I recently read that Meghan Markle – now the Duchess of Sussex – usually wears her shoes a size too big. According to one fashion expert, celebs sometimes go up a size or two when they wear heels for a long period of time to avoid swollen feet.
Aging? Anti-aging? What’s your vocabulary, and what does it say about growing older?
To me, the word aging suggests we’re going in the wrong direction, and anti-aging suggests we’re fighting against it tooth and nail. Neither feels quite right to me.
When I was growing up in the 1960s, we were taught to never trust anyone over 30. That works great when you are 19, 20 and 21. When you approach 31, 40, 50, 60 and beyond, you may want to modify that stance.
There’s a difference between aging and getting old. We all age, that’s inevitable from the moment we pop out of the womb, but getting old – ah, that’s a choice.
By the time we reach our 60s, most of us have given up on anti-aging pills and potions. In fact, most of us don’t want to look younger; we just want to look radiant and full of life. This is why I prefer the term “positive aging” to “anti-aging.”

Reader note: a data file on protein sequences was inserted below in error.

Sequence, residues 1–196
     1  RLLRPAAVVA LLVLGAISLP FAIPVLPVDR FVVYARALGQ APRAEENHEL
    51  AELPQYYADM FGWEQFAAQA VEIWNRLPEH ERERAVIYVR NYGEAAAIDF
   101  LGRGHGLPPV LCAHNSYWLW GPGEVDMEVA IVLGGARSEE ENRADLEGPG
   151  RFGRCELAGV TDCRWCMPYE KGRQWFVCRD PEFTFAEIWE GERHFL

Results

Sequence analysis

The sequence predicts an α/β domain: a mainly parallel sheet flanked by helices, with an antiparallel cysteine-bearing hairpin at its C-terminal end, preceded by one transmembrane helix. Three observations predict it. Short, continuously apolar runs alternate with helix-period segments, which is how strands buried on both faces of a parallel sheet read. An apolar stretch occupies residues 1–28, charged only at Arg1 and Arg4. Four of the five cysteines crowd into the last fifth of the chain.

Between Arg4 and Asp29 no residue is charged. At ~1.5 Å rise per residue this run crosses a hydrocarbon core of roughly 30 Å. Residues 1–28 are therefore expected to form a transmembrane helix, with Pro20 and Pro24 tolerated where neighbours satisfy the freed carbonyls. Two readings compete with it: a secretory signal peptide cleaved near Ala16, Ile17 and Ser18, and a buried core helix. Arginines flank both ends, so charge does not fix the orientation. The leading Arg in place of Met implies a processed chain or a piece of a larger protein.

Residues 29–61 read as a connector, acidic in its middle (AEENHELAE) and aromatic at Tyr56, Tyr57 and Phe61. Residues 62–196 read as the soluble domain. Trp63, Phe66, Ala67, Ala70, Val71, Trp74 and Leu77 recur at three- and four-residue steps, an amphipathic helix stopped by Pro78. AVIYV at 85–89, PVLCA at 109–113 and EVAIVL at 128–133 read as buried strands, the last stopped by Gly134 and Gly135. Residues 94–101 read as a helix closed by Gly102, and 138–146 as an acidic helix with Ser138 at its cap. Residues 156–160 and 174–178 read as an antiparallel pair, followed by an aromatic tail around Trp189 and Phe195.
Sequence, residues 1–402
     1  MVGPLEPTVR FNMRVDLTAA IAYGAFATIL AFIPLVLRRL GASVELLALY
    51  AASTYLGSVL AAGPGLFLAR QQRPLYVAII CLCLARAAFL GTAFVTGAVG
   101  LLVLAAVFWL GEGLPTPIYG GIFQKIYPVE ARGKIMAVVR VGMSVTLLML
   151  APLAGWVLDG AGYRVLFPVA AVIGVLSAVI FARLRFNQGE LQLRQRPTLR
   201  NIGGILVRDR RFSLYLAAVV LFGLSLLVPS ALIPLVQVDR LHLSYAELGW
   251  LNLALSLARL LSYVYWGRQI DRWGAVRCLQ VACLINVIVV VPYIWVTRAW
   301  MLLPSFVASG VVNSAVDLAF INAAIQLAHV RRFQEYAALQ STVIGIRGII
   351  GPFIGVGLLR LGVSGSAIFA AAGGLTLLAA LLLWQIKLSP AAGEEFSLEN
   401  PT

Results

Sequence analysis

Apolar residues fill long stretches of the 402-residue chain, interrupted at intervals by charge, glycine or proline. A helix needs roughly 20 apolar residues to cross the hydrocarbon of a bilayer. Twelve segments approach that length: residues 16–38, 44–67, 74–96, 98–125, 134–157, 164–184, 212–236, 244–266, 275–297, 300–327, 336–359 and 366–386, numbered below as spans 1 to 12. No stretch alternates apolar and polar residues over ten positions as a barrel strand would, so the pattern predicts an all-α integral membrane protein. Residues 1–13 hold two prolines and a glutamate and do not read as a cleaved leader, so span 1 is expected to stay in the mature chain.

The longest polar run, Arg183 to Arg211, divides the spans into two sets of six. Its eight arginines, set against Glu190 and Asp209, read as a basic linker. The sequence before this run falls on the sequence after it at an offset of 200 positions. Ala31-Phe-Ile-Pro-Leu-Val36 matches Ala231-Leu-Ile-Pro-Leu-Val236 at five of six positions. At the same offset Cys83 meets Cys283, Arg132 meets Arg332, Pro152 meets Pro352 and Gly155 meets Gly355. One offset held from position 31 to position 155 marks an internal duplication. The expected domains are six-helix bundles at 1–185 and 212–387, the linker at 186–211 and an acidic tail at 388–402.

Blessed are the women who soar through menopause unscathed. Not all of us, however, are so lucky. There are about 38 different symptoms attributable to menopause.
If you are running through your entire stock of cozy winter socks every week, you might be wondering if there is something more you can do to keep your feet warm.
Wikipedia defines successful aging as “physical, mental and social well-being in older age.” The authors of Successful Aging: The MacArthur Foundation Study, John Rowe, MD, and Robert Kahn, PhD, define it as “the cross-section between three components.”
It’s January. The holiday festivities and pressures are behind us and a new year stretches to the horizon – one filled with possibilities. It’s natural to think of new beginnings or re-commit to goals this time of year. Have you considered how specifically you’ll move closer to your goals?